The nematode Caenorhabditis elegans has been adopted as a model organism for a variety of biomedical research applications. This organism offers many advantages for analysis, including the ability to study mutations in genes that are essential for viability. The long-term goal of this proposal is to provide a comprehensive genetic resource available to the biomedical research community as a computerized databank, and as a comprehensive collection of genetic stocks. The proposed five-year project will first generate and characterize a set of chromosomal balancers that would cover the entire genome. Balancers are chromosomal rearrangements that suppress recombination, allowing lethal mutations to be stably maintained in heterozygous stocks. At present, about 50% of the genetic map (with a total of 850 mapped loci) is covered by proven balancers. Another 30% of the map includes potentially useful rearrangements, and about 20% has no possible balancers as yet. The efficacy of uncharacterized rearrangements will be tested first, and additional rearrangements will be generated as needed. Secondly, this project will generate and characterize sets of overlapping deficiencies for each chromosome that would make up a moderately high resolution """"""""mapping kit"""""""" for the genome. This will involve approximately 200 deficiencies per chromosome, and would vastly improve the alignment of the genetic and physical maps. Free chromosomal duplications also will be tested as balancers and used for mapping. This """"""""cover the genome"""""""" project will provide a common resource for molecular biologists who want to generate lethal or non-lethal mutations in the region of a particular cloned gene, and it could constitute Phase I of a longer-term project Phase II, beyond the scope of the initial five-year period, would be to approach saturation of the genome by isolating and mapping lethal mutations defining almost every essential gene. Ultimately, the successful completion of Phase II would mean that the basic genetics of C. elegans would be """"""""in the bank"""""""" and available to any investigator who wanted to look at mutant characteristics corresponding to any gene in the C. elegans genome sequence database. An alternative to collecting a large number of lethal mutants would be to develop gene disruption procedures. This will require a method to target transforming DNA to the homologous site within the genome. Hence, an investigation of DNA integration by homologous recombination is proposed as a component of Phase I.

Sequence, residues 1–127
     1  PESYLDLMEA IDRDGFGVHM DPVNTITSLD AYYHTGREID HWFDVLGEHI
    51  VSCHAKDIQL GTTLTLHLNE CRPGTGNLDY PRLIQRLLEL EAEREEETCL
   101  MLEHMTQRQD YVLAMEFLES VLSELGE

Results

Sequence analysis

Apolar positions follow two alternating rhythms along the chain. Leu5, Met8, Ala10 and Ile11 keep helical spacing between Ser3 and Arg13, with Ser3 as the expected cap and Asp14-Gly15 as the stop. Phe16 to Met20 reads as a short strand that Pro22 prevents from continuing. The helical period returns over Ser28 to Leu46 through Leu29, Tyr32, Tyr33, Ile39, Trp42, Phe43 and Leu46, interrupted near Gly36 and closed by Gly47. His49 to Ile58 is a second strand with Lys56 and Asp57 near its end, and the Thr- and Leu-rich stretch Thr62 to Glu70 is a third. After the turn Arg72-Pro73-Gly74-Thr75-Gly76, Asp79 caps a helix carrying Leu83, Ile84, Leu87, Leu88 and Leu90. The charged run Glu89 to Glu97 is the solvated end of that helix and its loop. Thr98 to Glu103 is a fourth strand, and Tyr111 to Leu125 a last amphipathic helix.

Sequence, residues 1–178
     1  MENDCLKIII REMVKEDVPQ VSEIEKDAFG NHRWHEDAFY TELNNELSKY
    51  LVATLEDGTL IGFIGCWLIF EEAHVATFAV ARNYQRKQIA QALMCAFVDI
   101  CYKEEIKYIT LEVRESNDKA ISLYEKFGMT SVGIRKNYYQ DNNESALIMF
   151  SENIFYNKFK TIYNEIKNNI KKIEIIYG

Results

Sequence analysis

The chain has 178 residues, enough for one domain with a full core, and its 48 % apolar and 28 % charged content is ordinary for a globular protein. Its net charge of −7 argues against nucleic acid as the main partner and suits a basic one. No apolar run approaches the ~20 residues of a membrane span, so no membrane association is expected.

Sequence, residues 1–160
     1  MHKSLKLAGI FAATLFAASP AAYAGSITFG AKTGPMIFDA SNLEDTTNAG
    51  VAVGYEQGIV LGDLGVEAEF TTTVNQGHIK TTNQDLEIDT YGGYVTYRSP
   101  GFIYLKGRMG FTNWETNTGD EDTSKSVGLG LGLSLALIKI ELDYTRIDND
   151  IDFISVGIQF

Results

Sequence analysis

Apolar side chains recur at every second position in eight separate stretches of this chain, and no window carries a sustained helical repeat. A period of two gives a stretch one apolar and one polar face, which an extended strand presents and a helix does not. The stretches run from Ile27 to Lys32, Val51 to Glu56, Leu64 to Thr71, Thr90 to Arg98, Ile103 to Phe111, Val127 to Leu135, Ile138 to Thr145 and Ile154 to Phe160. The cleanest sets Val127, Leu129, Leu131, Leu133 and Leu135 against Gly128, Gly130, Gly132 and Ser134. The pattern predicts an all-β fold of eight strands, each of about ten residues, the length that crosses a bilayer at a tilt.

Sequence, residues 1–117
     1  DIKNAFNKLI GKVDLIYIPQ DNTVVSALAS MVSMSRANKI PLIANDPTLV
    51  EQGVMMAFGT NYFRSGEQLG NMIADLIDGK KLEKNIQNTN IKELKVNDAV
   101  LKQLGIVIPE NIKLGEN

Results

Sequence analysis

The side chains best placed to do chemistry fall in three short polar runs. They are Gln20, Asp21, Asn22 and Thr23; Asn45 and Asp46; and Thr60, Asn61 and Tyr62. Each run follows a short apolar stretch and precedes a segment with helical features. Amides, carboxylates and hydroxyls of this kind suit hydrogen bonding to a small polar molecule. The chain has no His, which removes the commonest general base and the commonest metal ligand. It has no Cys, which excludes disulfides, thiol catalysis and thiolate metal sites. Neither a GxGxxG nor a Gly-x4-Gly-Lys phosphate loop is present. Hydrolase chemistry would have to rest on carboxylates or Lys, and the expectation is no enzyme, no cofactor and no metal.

National Institute of Health (NIH)
National Center for Research Resources (NCRR)
Research Project (R01)
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Genetics Study Section (GEN)
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University of British Columbia
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V6 1-Z3